Poundland Rimbaud is Jonny’s second collection and like the first, it contains a mix of poetry and prose. Unlike the first, it also has a steady supply of footnotes. Some of these add context and insights, some whip the rug out from under a poem’s metaphorical feet (I could get a joke about meter in here, but I’m resisting it). Again there’s the kind of comedy that comes from discomfort, over sharing, and a keen eye for the inherent ridiculousness of human beings. The last section of this book is a full script, with production notes for the one man show ‘Man up, Jonny Fluffypunk’. Having seen the show, I found this fascinating, but have no idea how it would read for someone innocent of the experience. In the printed version, the author lays bare the methods by which the audience is to be emotionally manipulated, and its not just about long, uncomfortable silences…

I thought the whole thing was brilliant, and highly readable – as with the first book I devoured it over a couple of sittings.

More here – http://burningeye.bigcartel.com/product/poundland-rimbaud

Jonny Fluffypunk talks in his work about poetry being dangerous, and about being personally dangerous. I can vouch for this, having mistakenly sat in the front row at one of his shows, and consequently had all of the poetry relating to unrequited teenage love directed towards me. She was plump, greasy, not conventionally attractive, and largely oblivious. I was considerably older and there was no scope for obliviousness. There’s been no point in my life when anything like that happened in a real way – it could only happen as a joke, requiring me to look into some personal voids I generally try to ignore. Live art is inherently risky, you never know what a poet might decide to do to you.


The Path to Celtic Buddhism – a review

When I offered to review The Path to Celtic Buddhism by Dru, I assumed it would be a book approaching Buddhism from a Celtic perspective, because I’ve seen that before. I was entirely surprised by what this book is and where it took me.

It turns out that there is a Celtic Buddhism movement that comes from the Buddhist side – specifically Tibetan Buddhism. This is because Tibetan Buddhism has its root in Bon, an older, animistic religion that I am now eager to learn more about! Tibetan Buddhism considers it important that a person understands who they are and where they come from in order to meaningfully engage with Buddhism, because culture and background shape us, and shape what from a Buddhist perspective, are our illusions. And so a movement has emerged to look at a grounding in European identity for people of a European background wanting to explore Buddhism. This makes a lot of sense to me.

The author – Dru – tells the story of his own curious life path. Having spent time as an angry punk in his teens, he went on to spend 21 years in Trappist monasteries. As part of his monastic experience, he spent time in a Japanese Zen Buddhist monastery. Dru explains his transition from Trappist to Celtic Buddhist and shares some of his understanding of spiritual life. It is a fascinating read, there’s a clear sense of a man who hasn’t got a lot of ego and who is living in a profoundly spiritual state, and grappling with language to try and get the sense of that across to those of us who are not living it.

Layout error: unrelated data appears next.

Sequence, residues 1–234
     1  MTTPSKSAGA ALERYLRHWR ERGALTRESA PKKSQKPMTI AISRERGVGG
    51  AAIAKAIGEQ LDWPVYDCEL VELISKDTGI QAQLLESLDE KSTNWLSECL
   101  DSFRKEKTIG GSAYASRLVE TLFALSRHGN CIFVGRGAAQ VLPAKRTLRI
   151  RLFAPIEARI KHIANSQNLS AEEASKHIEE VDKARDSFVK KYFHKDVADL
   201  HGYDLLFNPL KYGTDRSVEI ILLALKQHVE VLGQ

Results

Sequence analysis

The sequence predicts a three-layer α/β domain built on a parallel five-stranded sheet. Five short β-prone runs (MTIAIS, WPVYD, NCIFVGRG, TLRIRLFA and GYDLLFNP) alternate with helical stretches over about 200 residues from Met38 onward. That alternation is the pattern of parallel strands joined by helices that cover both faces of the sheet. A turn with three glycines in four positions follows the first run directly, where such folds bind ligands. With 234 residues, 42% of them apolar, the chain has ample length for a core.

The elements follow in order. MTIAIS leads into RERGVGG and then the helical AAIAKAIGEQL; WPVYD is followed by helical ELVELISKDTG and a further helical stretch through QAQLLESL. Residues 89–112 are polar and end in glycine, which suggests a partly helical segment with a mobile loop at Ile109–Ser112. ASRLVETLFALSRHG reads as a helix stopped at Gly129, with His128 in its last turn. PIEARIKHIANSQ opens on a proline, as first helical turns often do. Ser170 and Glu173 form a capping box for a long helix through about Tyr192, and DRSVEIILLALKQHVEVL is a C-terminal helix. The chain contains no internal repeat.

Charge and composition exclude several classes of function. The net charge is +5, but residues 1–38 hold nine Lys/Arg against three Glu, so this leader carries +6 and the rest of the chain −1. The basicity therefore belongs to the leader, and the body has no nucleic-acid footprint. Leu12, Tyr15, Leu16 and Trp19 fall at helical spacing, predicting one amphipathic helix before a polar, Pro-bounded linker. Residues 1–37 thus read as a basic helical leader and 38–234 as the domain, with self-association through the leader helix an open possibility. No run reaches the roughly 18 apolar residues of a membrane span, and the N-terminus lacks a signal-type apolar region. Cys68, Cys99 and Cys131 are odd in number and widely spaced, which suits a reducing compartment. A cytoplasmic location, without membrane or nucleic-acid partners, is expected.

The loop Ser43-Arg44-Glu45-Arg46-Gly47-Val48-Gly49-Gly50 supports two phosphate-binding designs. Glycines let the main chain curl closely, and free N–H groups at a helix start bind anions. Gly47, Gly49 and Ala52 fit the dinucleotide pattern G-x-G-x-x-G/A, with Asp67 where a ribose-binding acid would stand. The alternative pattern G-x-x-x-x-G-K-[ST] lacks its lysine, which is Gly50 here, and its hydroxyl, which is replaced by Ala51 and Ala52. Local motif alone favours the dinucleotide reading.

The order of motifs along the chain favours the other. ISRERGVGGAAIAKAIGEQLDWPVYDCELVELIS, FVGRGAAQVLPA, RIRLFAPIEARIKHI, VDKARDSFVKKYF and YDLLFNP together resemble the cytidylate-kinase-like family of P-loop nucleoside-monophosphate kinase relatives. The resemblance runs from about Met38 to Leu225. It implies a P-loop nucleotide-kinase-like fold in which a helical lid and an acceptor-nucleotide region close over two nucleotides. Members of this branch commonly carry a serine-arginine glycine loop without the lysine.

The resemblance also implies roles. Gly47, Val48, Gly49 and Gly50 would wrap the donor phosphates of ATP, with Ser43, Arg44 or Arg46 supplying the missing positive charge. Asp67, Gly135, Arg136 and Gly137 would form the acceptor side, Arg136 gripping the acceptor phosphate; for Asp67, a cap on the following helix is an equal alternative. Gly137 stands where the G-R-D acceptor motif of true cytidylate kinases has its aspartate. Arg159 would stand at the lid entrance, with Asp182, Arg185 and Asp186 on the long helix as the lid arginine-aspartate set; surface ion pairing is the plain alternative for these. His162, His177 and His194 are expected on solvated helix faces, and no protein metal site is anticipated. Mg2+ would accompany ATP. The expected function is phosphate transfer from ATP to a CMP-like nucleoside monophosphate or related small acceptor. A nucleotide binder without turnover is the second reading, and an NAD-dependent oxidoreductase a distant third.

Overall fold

This is not a how-to book, it offers no rules or dogma, but it does gift the reader with insights and possibilities. Dru’s path is his alone, and has clearly brought him a lot of insight, but the odds are no one is going to read this and want to take exactly the same route. I like that about this book. It’s an invitation, not a guide.

I really enjoyed reading it. This is quite a raw text, it clearly hasn’t had a professional editor on it. I noticed it but did not find it a barrier to reading. This is the kind of book conventional publishers don’t do – too niche, too personal. I think there’s a lot to be learned from non-dogmatic personal testaments of experience. I don’t think this is a book for everyone, but if it sounds like your sort of thing, do check it out.

More information here – https://www.amazon.co.uk/Path-Celtic-Buddhism-initiation-forgotten/dp/1978178077


The Forgotten Room – a review

As psychiatric nurse Maura Lyle pulls up to Essen Grange, you know what kind of story this is going to be. Essen Grange is a vast, crumbling, sinister, mouldering pile of a place and inside it is a crazy old guy who needs sedating, locking in his room and taking care of. The cleaning lady has, as Maura quickly identifies, been to the Mrs Danvers’ school of running big, creepy old houses. This is a gothic novel. It is such a gothic novel, and I really enjoyed it.

Of course it isn’t long before the first body appears – or rather, the first bones, hinting at a family secret and a troubled past. There’s a gardener with only one ear and a tragic back story. Maura herself is recovering from the death of her partner and worrying about the sinister doctor who appears to have got her this job. There are people who are not saying things, and not saying them so loudly that you can almost hear the words. Except when you find out, nothing is what you might have expected in this tangled, tormented web of lies and cruelty.

With its claustrophobic, almost incestuous atmosphere, its mysteries and deaths, Essen Grange rivals anything Daphne Du Maurier came up with for sheer gothic presence. The house itself exerts a supernatural force on the lives of people it touches, drawing them back, drawing them in, as though there is some malevolent awareness here that is able to pull all their strings for its dance macabre.

The plot is intense, twisty and complicated, and there were times in the middle when I felt I wasn’t keeping up with who was who and who had done what to who else – and I was right. What at first seems like an unravelling of the mystery turns out to be a deepening of it, and nothing is as it seems. Slowly, the question of who, and why is properly answered, and the answers themselves are deeply uneasy. There are horrors here, but they’re more psychological than graphic – although there are a few moments of full on grossness in the mix.

I had trouble putting this one down. The need to make sense of it, to find out what had happened, and how, and why, was compelling. I too kept getting sucked back into the madness of Essen Grange. It proved a deeply satisfying read, and it is a story I expect will stay with me.

More about the book here – https://www.amazon.co.uk/Forgotten-Room-Ann-Troup-ebook/dp/B01BW633TA